President Bush launched his second term proclaiming that he and his Republican colleagues would create an "ownership society" in America. If he meant anything at all by this--beyond deploying it as a euphemism to gull the public into thinking that privatizing Social Security would benefit the average American--he meant that he hoped to transform the role of government, using it to empower, rather than constrain, individual citizens in their ability to make meaningful decisions about their personal lives. Giving people a greater stake in the decision-making process, Bush proclaimed, would lead them to make more responsible decisions about themselves and their families.

Power to the people, Republican style. It sounds wunderbar, until we look at how Bush and his fellow Republican politicos have turned the personal family tragedy of Terri Schiavo into the latest stalking horse for intrusive federal government, Christian-right style.

The case of Terri Schiavo, who has spent the last 15 years in a "persistent vegetative state," is a sad and tragic case. Her husband, Michael, says Terri would not have wanted to be kept alive by artificial means, though her grieving parents cling to hope that she might improve with time, in spite of the fact that court-appointed neurologists have said her condition is irreversible.

Then again, on its merits, it's no more sad or tragic than thousands of other similar cases that have become close to routine in an environment where medical professionals have found ever more clever ways to use technology to prolong the survival of the body even when the person that inhabited that body is all but gone. Those old enough will recall the case of Karen Ann Quinlan, whose family had to battle to remove her from a respirator in 1976.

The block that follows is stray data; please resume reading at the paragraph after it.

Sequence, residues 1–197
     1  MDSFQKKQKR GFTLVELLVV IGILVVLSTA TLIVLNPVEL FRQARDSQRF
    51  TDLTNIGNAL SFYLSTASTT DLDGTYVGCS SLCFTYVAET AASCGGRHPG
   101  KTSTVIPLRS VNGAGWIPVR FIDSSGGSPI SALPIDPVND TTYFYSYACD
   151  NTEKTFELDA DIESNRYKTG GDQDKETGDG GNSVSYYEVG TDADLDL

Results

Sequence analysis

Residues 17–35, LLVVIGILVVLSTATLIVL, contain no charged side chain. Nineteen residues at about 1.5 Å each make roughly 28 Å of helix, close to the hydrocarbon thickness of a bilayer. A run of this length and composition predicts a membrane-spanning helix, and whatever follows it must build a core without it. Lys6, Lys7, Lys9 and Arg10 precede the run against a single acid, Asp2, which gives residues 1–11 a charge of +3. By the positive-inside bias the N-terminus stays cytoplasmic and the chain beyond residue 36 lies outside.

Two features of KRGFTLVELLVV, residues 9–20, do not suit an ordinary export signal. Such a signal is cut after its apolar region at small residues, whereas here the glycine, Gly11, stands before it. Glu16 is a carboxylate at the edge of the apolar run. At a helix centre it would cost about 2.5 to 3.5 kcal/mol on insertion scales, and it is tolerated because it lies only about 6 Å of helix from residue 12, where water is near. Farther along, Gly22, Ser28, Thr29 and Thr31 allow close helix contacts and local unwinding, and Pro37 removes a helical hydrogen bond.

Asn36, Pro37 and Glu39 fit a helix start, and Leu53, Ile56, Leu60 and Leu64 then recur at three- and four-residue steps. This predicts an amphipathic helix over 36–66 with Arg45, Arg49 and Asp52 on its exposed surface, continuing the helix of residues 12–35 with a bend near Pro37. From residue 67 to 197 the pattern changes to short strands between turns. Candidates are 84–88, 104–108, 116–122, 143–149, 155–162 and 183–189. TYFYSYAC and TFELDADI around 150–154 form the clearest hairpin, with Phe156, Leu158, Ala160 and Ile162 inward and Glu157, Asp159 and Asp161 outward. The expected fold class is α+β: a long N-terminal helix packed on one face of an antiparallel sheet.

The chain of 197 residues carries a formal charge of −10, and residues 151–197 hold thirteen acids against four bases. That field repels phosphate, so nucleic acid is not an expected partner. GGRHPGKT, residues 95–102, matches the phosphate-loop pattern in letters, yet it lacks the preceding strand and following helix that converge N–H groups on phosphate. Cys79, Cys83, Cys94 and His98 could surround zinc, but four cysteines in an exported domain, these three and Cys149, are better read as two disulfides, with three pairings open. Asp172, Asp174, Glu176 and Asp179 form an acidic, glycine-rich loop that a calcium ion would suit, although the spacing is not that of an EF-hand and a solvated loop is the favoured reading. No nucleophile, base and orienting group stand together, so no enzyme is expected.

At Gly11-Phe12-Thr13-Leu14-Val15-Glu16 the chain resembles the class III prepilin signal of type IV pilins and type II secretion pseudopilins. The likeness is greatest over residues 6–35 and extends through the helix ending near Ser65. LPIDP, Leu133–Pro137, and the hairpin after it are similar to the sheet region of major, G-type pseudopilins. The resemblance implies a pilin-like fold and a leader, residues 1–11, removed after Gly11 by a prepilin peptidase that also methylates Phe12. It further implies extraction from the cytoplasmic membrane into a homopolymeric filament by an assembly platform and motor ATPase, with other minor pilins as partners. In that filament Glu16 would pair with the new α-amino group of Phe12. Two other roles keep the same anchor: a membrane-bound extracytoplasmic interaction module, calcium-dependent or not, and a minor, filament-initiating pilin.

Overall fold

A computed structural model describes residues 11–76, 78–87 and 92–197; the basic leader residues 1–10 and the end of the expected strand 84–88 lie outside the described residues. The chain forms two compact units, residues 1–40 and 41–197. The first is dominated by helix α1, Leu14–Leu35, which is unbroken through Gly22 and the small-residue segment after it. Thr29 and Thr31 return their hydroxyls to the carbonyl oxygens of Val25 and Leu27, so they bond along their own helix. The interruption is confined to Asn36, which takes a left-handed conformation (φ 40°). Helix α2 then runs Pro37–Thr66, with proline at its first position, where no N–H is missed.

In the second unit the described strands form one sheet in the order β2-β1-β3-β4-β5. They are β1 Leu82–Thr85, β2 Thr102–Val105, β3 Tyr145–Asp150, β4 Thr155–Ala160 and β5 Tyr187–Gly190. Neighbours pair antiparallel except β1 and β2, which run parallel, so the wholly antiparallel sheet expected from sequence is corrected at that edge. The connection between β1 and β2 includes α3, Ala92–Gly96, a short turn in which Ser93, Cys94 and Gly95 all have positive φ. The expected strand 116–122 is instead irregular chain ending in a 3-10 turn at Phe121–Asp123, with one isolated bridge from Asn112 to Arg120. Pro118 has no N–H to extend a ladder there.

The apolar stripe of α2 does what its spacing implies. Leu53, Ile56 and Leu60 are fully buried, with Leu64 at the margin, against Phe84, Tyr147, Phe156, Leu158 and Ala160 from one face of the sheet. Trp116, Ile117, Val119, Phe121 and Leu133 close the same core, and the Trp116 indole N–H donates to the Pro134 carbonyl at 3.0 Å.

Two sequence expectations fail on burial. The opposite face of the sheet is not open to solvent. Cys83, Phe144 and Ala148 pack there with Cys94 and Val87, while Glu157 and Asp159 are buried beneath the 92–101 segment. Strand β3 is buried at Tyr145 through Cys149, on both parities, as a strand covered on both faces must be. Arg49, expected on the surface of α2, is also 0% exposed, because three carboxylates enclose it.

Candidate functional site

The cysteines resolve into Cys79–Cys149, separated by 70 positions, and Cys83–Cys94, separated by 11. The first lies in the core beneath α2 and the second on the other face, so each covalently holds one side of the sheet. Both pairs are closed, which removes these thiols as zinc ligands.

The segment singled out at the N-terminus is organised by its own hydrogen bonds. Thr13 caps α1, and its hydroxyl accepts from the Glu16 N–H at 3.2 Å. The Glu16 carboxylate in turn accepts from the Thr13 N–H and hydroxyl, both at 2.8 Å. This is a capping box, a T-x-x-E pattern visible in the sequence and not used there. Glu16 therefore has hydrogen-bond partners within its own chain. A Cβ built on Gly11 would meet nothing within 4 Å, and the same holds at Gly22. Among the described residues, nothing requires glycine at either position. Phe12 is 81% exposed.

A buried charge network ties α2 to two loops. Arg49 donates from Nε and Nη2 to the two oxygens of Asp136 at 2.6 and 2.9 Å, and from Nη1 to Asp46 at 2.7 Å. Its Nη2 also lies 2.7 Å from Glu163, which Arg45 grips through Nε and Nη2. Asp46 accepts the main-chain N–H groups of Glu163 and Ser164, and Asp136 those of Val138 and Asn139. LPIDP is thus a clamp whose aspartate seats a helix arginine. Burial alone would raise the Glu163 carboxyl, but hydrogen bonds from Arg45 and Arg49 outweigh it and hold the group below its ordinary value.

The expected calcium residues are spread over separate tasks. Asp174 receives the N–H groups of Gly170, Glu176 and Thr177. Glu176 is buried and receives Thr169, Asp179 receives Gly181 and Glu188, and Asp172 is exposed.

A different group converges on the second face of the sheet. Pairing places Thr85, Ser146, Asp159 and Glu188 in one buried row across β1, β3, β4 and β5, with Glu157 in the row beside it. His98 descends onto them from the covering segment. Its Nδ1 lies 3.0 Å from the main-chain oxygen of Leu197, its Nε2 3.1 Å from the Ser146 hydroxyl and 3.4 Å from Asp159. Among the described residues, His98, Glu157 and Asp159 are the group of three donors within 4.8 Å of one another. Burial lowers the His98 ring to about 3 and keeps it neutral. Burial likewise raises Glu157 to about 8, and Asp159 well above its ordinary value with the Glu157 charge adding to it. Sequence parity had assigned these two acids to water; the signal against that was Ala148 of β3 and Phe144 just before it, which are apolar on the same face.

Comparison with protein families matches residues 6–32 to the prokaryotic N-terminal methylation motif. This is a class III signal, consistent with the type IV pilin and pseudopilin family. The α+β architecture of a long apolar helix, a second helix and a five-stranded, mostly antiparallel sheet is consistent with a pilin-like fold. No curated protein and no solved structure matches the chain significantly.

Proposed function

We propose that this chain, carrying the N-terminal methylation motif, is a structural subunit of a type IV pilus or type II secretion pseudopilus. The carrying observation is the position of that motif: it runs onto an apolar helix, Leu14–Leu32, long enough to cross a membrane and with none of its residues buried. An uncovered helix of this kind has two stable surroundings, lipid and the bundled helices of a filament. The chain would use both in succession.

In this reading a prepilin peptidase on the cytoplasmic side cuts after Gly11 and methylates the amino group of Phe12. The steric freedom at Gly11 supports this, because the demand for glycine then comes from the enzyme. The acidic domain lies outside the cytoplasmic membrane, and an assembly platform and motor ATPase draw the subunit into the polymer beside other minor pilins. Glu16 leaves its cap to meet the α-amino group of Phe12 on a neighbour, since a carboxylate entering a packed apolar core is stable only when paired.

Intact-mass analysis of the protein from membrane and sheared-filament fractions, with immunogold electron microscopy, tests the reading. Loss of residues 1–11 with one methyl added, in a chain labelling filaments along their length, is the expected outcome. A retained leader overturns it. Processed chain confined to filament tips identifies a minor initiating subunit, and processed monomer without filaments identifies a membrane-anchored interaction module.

The only thing that makes it more tragic is that cynical Republican politicians, sensing a low-cost opportunity to score political points with the most zealous right-to-lifers, have turned a brain-damaged woman into a political prop. They have interjected the federal government in a place--according to their own states'-rights principles--it does not belong. It's hard to imagine a more important personal decision than when to pull the plug--or, in this case, the feeding tube. If you don't own that, you don't really own your own life.

And yet, President Ownership Society and his privatization posse have spent the last several days in a frenzied bid to wrest ownership of that decision from Terri Schiavo's husband, her rightful legal guardian, and from the Florida courts that have consistently backed his decision. In a fit of legislative legerdemain, they forced the Schiavo case into the federal courts (on Tuesday morning, a federal judge refused to order Shiavo's feeding tube reinserted).

The concept of an ownership society is not the only principle the Republicans have abandoned. What about that other shibboleth of Republican social policy, the sanctity of traditional marriage? Suddenly, it appears, Bush, Frist et al. are advocates of group marriage. They want to redefine the institution, from the union of one man and one woman to the union of one man, one woman, a couple of parents, a few federal judges, and Tom DeLay. Let's hope none of the judges turn out to be gay.

But if the Schiavo case reveals that Republicans are willing to sell out their professed principles to score politically with their base, it has also shown that Democrats have no principles at all. In a breathtaking display of gutlessness, not a single Democratic senator stood in the way of the Republican effort to intervene in the case; Tom Harkin and Harry Reid actively worked to push the bill through. It makes even less sense because the public is not on the side of the Republicans. According to an ABC poll, 63 percent supported the removal of the feeding tube, and 70 percent opposed congressional intervention.

And where is Howard Dean when you need him? Apparently, he's been gagged by the Democratic establishment. The doctor from Vermont did tell reporters in Tennessee that the Schiavo case "is a deeply personal matter and ought to be left up to physicians," but compare that to what he said as a presidential candidate in Tallahassee in 2003: "I am tired of people in the legislature thinking they have an M.D. when what they really have is a B.S.!"